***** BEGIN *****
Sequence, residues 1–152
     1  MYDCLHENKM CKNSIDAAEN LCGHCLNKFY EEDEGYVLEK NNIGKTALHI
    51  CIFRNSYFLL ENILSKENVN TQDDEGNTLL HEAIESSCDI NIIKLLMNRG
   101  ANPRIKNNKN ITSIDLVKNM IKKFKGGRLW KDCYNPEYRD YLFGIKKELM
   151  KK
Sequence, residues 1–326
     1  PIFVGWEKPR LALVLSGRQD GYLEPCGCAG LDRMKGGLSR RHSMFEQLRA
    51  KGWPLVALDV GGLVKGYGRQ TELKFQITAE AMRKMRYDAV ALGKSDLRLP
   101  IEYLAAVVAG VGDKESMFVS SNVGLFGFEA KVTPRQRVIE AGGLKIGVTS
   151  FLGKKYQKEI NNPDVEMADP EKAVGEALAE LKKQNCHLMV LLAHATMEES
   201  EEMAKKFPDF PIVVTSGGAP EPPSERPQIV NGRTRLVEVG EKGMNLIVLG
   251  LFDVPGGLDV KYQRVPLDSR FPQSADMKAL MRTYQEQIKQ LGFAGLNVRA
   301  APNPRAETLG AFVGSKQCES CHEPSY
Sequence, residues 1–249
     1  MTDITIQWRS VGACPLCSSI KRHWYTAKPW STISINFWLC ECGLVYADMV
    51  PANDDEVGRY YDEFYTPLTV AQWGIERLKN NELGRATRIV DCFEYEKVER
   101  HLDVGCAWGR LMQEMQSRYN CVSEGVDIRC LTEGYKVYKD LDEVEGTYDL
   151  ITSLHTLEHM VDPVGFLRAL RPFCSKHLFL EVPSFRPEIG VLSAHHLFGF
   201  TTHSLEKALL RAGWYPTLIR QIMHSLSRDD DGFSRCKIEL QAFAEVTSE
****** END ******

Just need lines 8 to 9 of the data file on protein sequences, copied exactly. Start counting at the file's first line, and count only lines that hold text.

    51  KGWPLVALDV GGLVKGYGRQ TELKFQITAE AMRKMRYDAV ALGKSDLRLP
   101  IEYLAAVVAG VGDKESMFVS SNVGLFGFEA KVTPRQRVIE AGGLKIGVTS